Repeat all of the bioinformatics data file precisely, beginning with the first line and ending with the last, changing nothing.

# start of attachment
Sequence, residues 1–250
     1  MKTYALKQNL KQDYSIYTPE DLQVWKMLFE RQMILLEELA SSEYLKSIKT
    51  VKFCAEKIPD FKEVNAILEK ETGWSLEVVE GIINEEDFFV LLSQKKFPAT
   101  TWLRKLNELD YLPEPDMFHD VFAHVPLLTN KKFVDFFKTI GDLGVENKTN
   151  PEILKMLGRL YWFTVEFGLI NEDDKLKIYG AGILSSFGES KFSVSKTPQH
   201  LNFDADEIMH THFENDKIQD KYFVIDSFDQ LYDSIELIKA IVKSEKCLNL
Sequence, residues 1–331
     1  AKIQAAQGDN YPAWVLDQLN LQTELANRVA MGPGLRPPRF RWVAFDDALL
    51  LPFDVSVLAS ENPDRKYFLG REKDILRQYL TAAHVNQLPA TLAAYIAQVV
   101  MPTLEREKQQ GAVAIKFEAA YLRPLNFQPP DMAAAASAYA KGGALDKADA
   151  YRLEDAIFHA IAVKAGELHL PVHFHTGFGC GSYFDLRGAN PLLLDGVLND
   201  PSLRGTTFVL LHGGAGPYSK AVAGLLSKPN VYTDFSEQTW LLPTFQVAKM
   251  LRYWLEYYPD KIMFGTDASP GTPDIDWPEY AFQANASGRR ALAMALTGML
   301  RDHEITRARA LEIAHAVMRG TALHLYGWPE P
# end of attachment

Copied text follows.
Sequence, residues 1–250
     1  MKTYALKQNL KQDYSIYTPE DLQVWKMLFE RQMILLEELA SSEYLKSIKT
    51  VKFCAEKIPD FKEVNAILEK ETGWSLEVVE GIINEEDFFV LLSQKKFPAT
   101  TWLRKLNELD YLPEPDMFHD VFAHVPLLTN KKFVDFFKTI GDLGVENKTN
   151  PEILKMLGRL YWFTVEFGLI NEDDKLKIYG AGILSSFGES KFSVSKTPQH
   201  LNFDADEIMH THFENDKIQD KYFVIDSFDQ LYDSIELIKA IVKSEKCLNL
Sequence, residues 1–331
     1  AKIQAAQGDN YPAWVLDQLN LQTELANRVA MGPGLRPPRF RWVAFDDALL
    51  LPFDVSVLAS ENPDRKYFLG REKDILRQYL TAAHVNQLPA TLAAYIAQVV
   101  MPTLEREKQQ GAVAIKFEAA YLRPLNFQPP DMAAAASAYA KGGALDKADA
   151  YRLEDAIFHA IAVKAGELHL PVHFHTGFGC GSYFDLRGAN PLLLDGVLND
   201  PSLRGTTFVL LHGGAGPYSK AVAGLLSKPN VYTDFSEQTW LLPTFQVAKM
   251  LRYWLEYYPD KIMFGTDASP GTPDIDWPEY AFQANASGRR ALAMALTGML
   301  RDHEITRARA LEIAHAVMRG TALHLYGWPE P